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Supervillain Origins: The Thinker

VO: Dan Paradis
Written by Craig Butler This dude puts the “power” in “brainpower.” Welcome to WatchMojo.com and today we will explore the comic book origin of the villain known as the Thinker. Have an idea you want to see made into a WatchMojo video? Check out our suggest page at http://WatchMojo.comsuggest and submit your idea.
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This dude puts the “power” in “brainpower.” Welcome to WatchMojo.com and today we will explore the comic book origin of the villain known as the Thinker.

As with most comic book characters, there are often re-imaginings and different versions to a character’s past. We have chosen primarily to follow the storyline which unfolded in 1943’s All-Flash #12 and which was expanded upon in 1961’s Flash #123, 2000’s JSA #16, 2005’s Firestorm #13, and 2014’s Suicide Squad #25 and #29.

The Thinker was just a really, really smart guy when he debuted in the 1940s. But in later years he got connected with a “thinking cap” which turned out to be a bright idea. This device magnified his own smarts while at the same giving him forms of mental superpowers, such as telekinesis and mind control.

When the Thinker, AKA Clifford DeVoe, premiered in the pages of “All-Flash #12,” he was actually kind of a good guy. As a matter of fact, he was a district attorney prosecuting a crime czar by the name of Hunk Norvick. When Norvick blackmailed a key witness into lying on the stand, DeVoe’s case fell apart – and he fell to pieces. Deciding crime was the logical next step in his career, he offered his services to Norvick. Their deal was simple: Norvick would keep him on a sizable retainer. DeVoe would use his brains to come up with scenarios to help Norvick out of a jam – and Norvick would be allowed to use him for assistance one time.

Then, after the Flash captured two members of Norvick’s gang and convinced them to rat on their boss, Norvick was forced to take DeVoe up on his offer. Using an incendiary bomb, he destroyed the thugs’ confession, and then gunned them down.

Norvick, worried that DeVoe might use his brains to take over, decided to take him out. But DeVoe expected this and tricked Norvick into killing himself. DeVoe, naturally, took over Norvick’s gang and decided to keep outsmarting the Flash. When The Flash foiled one of The Thinker’s robbery attempts, the villain retaliated by trying to make Flash think his dimwitted buddies, Winkly, Blinky and Noddy, were crooks. Luring him into his trap, the Thinker used his wiles to try to destroy the Flash – but the speedster was too fast for him. The villain conceded defeat and was taken away to jail.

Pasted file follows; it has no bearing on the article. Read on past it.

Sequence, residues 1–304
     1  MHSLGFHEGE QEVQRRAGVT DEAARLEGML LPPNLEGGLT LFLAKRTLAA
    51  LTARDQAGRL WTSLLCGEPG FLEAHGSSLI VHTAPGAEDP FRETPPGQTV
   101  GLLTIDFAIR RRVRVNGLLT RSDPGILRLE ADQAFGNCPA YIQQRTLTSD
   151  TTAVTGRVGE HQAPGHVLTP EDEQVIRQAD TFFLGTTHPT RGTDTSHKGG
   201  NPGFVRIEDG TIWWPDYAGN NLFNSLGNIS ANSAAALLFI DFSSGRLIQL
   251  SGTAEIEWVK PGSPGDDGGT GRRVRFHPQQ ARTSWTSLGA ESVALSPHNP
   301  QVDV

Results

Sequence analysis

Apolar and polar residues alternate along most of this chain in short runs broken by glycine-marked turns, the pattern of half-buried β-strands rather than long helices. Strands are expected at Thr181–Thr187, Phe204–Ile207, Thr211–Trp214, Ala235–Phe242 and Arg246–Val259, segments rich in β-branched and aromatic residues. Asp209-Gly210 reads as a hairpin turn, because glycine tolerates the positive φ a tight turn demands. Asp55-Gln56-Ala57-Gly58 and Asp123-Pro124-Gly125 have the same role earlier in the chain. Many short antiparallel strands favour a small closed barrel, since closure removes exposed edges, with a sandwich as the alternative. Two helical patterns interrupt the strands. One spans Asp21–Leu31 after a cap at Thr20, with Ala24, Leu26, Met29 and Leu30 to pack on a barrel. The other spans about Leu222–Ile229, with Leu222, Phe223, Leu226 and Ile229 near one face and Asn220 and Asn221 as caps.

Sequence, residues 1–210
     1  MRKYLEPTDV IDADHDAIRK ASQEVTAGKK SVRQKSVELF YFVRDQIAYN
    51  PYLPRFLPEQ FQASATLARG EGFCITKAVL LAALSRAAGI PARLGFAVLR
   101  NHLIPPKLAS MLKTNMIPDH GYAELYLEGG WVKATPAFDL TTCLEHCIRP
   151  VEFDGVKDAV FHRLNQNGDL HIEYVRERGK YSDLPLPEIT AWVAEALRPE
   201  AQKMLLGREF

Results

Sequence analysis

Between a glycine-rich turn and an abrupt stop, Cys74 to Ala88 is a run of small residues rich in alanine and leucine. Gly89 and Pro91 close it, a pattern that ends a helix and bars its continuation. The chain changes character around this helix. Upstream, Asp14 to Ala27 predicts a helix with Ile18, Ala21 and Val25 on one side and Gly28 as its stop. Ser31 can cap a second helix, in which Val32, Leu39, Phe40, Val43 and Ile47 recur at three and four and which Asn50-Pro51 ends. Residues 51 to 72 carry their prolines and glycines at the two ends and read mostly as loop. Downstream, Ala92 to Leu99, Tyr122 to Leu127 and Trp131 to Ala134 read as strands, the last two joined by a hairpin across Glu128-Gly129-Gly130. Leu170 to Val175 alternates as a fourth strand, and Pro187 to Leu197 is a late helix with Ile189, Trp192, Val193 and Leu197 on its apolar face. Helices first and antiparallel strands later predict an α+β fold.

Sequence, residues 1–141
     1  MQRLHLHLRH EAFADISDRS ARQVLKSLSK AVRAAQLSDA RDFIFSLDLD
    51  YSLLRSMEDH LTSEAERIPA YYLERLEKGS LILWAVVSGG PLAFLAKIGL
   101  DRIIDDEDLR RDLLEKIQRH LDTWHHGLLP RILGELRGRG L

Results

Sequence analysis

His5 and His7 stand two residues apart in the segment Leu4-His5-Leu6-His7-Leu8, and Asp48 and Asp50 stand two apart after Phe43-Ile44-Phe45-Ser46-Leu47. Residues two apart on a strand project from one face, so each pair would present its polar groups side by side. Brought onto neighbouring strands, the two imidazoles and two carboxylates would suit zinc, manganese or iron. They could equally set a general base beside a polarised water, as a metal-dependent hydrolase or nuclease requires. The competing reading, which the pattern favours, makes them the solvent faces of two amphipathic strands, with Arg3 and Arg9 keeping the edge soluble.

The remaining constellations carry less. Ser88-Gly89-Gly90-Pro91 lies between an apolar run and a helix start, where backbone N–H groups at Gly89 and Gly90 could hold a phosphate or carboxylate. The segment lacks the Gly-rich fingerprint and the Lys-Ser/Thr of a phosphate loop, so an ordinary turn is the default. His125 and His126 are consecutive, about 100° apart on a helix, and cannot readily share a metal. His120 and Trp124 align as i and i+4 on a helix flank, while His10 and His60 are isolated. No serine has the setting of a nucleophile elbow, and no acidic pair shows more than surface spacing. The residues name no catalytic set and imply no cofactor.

The Thinker returned several times in the 1940s, but a notable change occurred in his first Silver Age appearance. He was one of the three villains in the milestone “Flash of Two Worlds” story from 1961, in which the Barry Allen Flash teamed up with the Golden Age Flash, Jay Garrick.

In this story, the Thinker had somehow come into possession of a marvelous “thinking cap,” which took his already-considerable intellect to a new level. It also enabled him to exercise his mental powers on a new level, via telekinesis and mind control.

Interestingly, the Thinker didn’t create that thinking cap, but seems instead to have stolen it. It had originally appeared in a 1945 Flash story – but as the creation of an entirely different character.

Over the years, the Thinker’s costume and thinking cap underwent some big changes, making him appear more like a typical costumed supervillain. He also ended up dying – once as a member of the Suicide Squad, and once as an old man who’d become friends with Jay Garrick late in life. The discrepancy is likely related to the mass-retcons post-Crisis on Infinite Earths. But in any event, after his death, Mr. Terrific integrated his thinking cap technology into the Justice Society of America’s computers to make it more powerful. Unfortunately, this led to the creation of an Artificial Intelligence version of the Thinker who managed to take control of the JSA’s technology and became a dangerous foe.

Yet another version of the Thinker popped up in 2005, but this time he had only a slight connection to Clifford DeVoe. Cliff Carmichael had long held a deep-rooted hatred for Ronnie Raymond, who became one half of the superhero Firestorm. After he came across the Thinker’s original designs, he modified them to make himself even more powerful – and briefly took on the mantle of the Thinker.

Finally, the Thinker got a new makeover as part of the New 52 revamp of the entire DC line. In the new version, the thinking cap was gone. In its place were node attached to his skull. This version of DeVoe had been a murderer since childhood, and had suffered greatly as a result of his genius intellect; it sapped his body’s energy, so that though he was only in his 20s, his body was that of a man in his 70s. He managed to transfer his mind into the body of OMAC, a humanoid machine created for death and destruction. Didn’t work out, though.

The Thinker has had some limited exposure in the past in DC’s animated universe. He’s an interesting villain with a ton of potential, and his role as a major Flash villain in the CW TV series will inevitably and considerably raise his profile.
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